Justia Education Law Opinion Summaries

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Defendant James Bourgeois, an elected member of the Lafourche Parish Council, was found guilty by a unanimous jury of filing or maintaining false public records. The charge arose from the allegation that defendant had falsely asserted in his Parish Council election qualifying form that he was domiciled in Lafourche Parish. The trial court sentenced him to a suspended sentence of three years imprisonment at hard labor with two years of probation. The court of appeal reversed the conviction and vacated the sentence because it found the evidence insufficient to prove that defendant falsely represented his domicile on his qualifying form. There was no dispute that the election qualifying form was a public record and that defendant filed it. The sole question for the Louisiana Supreme Court was whether the evidence, when viewed under the due process standard of Jackson v. Virginia, was sufficient to prove the form contained a false statement with regard to defendant’s domicile. The Supreme Court determined the State’s case “was not so lacking that it should not have even been submitted to the jury. The State introduced evidence from which the jury could rationally find that defendant had abandoned his domicile in Lafourche Parish and established a new domicile in Jefferson Parish by the time he filed his election qualifying form. The jury was not forced to speculate to reach this conclusion, as the court of appeal found.” Accordingly, judgment was reversed and defendant’s conviction and sentence were reinstated. View "Louisiana v. Bourgeois" on Justia Law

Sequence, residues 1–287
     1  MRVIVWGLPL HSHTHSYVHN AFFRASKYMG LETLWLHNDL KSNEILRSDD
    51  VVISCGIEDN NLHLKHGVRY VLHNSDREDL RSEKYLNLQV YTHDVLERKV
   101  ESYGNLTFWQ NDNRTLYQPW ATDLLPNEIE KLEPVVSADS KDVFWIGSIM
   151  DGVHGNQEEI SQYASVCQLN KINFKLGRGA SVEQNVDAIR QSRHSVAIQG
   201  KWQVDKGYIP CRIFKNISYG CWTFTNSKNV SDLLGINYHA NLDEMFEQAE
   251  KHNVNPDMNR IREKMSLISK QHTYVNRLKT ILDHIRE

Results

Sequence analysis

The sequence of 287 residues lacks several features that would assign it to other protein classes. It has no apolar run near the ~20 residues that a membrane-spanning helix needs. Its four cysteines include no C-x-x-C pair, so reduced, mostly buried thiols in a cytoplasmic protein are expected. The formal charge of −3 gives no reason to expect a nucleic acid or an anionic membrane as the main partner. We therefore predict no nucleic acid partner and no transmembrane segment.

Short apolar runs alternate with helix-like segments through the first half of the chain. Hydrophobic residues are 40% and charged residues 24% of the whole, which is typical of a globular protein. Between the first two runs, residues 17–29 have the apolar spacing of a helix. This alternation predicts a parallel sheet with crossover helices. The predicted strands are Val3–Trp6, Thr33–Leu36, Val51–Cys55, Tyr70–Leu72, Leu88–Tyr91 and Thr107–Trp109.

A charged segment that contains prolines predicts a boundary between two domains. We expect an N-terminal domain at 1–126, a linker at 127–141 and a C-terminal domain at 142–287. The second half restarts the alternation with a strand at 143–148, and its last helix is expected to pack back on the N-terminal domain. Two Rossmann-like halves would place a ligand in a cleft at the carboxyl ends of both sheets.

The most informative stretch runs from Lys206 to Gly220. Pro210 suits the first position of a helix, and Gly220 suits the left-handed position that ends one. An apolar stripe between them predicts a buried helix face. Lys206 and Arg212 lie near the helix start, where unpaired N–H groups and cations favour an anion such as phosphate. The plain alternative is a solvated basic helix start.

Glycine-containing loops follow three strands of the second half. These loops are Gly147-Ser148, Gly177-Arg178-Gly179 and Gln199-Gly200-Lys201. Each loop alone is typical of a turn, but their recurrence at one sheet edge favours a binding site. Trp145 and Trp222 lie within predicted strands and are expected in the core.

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Before the arrival of the pandemic in 2020 “Student A” was experiencing an exceedingly difficult eighth-grade year at Notre Dame of De Pere Catholic Middle School. Her classmate, “Student B,” repeatedly and inappropriately targeted Student A with sexually suggestive harassment beginning in 2019. Student A’s mother filed suit on behalf of herself and her daughter, alleging Title IX violations by the school's operator (GRACE), with breach of contract and negligence claims under Wisconsin state law.The Seventh Circuit affirmed the dismissal of the Title IX claim. GRACE is subject to Title IX and had actual knowledge of the harassment but GRACE was not deliberately indifferent to the harassment. GRACE responded promptly and the complaint did not allege that the bullying persisted beyond January 2020, Student B was suspended for several days in December 2019. School officials offered to change Student A’s seat in class and facilitated an apology from Student B; the response was not “clearly unreasonable in light of the known circumstances.” While it is possible that a school’s dress code, culture, and response to bullying could exclude a student from educational benefits on the basis of her sex, the Plaintiffs did not plead facts to support an inference that GRACE excluded Student A because of her sex. View "Jauquet v. Green Bay Area Catholic Education, Inc." on Justia Law